If there’s a myth organizers of the Lambton Kent Agriculture in the Classroom program want to dispel it’s the idea of Old McDonald’s farm.
“It’s not Old McDonald’s farm anymore,” says Wendy Hooghiem. “Modern farming is very different from what a lot of kids imagine.”
Hooghiem operates the Science Education Partnership at Errol Road Public School, originally tasked in 1992 with providing schools with books and other resources on various science subjects.
But the Science Education Partnership teamed up with Agriculture in the Classroom 16 years ago, giving Hooghiem and the partnership the opportunity to also send agricultural kits to the same schools – to teach students about farm animals and about where their food originates.
The kits vary according to age group. Grade 3 students might receive information about plants and soil, while Grade 2 students receive information about farm animals. Meanwhile, students in Grade 7 might receive a kit about ecosystems.
The objective is the same – to provide accurate and timely information about the region’s agricultural activity.
Judy Krall, whose family operates an egg farm in Enniskillen Township, has been deeply involved with the program. She said she worries that some generations of students have missed out on learning about agriculture.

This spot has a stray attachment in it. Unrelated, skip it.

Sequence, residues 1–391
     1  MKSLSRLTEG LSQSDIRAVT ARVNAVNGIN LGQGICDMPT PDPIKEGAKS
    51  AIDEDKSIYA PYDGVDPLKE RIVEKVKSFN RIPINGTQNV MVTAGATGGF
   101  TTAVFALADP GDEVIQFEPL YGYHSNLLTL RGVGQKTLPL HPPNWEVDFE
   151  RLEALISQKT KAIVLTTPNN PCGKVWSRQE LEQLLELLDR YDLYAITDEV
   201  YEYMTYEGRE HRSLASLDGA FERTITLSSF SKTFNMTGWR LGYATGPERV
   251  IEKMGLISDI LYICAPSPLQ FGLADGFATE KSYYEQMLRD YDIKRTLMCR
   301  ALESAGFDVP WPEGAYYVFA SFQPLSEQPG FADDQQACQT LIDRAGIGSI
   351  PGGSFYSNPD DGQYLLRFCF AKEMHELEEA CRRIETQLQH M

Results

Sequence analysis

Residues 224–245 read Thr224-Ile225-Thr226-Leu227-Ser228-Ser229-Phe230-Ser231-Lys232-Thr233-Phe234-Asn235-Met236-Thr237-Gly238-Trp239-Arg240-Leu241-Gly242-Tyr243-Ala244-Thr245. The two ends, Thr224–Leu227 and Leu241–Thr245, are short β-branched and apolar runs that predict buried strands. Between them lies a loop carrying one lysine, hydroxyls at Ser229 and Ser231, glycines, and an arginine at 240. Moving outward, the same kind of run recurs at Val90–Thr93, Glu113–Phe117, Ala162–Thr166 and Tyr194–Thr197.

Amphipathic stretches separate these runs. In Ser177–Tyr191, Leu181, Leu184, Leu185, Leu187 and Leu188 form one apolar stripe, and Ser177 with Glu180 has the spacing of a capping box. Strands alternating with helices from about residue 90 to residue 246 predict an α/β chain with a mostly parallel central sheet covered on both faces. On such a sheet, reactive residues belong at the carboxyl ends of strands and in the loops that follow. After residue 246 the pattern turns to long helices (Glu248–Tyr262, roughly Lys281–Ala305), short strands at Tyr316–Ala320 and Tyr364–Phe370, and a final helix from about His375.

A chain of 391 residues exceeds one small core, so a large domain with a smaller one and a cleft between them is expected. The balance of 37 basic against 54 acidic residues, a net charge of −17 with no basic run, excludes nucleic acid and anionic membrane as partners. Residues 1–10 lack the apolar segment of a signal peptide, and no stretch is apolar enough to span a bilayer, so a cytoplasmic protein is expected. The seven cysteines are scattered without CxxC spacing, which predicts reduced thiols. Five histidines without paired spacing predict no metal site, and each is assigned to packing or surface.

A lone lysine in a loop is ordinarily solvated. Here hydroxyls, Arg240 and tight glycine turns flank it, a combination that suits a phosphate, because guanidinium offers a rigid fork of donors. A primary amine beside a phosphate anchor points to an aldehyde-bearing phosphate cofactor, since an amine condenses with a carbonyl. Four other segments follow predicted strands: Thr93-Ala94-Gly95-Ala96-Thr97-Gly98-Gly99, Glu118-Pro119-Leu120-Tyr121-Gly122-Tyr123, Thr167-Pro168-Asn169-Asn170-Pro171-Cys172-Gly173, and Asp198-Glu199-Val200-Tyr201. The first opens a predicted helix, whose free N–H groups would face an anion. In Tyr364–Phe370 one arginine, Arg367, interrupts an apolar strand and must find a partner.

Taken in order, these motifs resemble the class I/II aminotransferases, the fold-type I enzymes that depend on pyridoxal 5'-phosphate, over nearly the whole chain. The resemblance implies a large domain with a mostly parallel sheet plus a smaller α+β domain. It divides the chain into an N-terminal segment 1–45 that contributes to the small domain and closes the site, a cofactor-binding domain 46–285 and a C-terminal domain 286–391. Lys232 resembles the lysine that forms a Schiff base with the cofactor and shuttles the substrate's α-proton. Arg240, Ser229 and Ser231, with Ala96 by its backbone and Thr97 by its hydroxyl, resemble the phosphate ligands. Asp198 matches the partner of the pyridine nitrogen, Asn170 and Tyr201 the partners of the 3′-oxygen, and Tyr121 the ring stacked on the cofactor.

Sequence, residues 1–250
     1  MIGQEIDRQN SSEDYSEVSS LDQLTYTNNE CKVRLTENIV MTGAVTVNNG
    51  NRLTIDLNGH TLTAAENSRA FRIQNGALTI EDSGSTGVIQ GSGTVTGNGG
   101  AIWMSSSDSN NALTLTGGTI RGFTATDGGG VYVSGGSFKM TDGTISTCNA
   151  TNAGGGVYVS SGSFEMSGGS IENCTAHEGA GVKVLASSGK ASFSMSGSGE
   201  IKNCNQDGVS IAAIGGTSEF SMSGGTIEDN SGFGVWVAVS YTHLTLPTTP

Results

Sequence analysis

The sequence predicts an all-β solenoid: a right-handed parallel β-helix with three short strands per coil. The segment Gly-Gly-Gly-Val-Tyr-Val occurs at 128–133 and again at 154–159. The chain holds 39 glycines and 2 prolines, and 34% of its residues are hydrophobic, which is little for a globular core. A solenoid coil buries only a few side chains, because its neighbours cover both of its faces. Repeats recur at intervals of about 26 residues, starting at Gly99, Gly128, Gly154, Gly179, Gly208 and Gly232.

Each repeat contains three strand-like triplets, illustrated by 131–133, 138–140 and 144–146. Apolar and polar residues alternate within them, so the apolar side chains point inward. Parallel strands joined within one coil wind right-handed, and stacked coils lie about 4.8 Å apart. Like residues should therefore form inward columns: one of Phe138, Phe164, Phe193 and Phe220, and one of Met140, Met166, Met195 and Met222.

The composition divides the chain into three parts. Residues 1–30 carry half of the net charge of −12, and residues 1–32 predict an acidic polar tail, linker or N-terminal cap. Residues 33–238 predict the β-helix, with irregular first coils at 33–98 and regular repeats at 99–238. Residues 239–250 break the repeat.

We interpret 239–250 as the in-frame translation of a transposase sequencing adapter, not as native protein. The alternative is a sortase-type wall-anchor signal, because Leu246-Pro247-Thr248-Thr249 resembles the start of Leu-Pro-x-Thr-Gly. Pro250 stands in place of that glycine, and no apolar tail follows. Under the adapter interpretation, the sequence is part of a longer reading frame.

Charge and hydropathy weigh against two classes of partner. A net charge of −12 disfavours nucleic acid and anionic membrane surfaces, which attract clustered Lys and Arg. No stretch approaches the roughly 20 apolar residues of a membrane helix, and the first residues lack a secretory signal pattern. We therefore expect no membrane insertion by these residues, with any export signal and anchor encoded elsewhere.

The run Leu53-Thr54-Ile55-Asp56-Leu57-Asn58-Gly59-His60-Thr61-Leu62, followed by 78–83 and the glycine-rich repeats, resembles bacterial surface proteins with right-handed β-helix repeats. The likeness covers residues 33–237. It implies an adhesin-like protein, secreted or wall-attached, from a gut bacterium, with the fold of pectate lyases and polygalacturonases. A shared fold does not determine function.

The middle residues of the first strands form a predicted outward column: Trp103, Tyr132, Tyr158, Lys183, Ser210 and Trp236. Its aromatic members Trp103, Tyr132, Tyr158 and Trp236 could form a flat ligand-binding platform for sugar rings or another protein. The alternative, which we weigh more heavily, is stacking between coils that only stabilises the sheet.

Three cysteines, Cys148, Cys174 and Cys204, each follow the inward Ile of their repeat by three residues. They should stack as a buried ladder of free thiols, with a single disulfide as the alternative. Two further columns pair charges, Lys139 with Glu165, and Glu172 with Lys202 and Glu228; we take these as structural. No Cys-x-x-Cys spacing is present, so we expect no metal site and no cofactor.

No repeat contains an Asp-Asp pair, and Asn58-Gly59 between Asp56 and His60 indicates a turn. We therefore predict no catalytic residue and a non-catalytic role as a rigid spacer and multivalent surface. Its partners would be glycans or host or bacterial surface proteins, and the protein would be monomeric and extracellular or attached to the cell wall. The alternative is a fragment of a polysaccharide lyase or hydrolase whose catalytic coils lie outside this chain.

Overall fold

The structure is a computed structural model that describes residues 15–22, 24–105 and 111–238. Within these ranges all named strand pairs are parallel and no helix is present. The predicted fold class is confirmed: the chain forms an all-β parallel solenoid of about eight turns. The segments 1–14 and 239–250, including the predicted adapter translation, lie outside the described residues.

The program also provides an opportunity to the local agricultural community to tell their story, she said.
“It has a huge impact on those students,” Krall says of the program. “We want them to know what we do.”
Hooghiem adds it’s important that local students have a realistic view of agriculture.
“We may not realize how much we need farmers,” she said. “We need a farmer three times a day when we sit down to eat.”
The Agriculture in the Classroom program is updating its kits, and after receiving a $5,000 grant from Libro Credit Union, wants to get more farmers involved.
At a recent meeting held at Errol Road School, a group of farmers met to discuss potential ideas and resources. Hooghiem said all agreed they want to dispel some of the myths people may have about agriculture, particularly about livestock and their treatment.
Farmers, Krall said, care about the welfare of their animals.
“It’s our livelihood,” she said. “During the snow storm five years ago we were out there making sure our farmers had food and water.”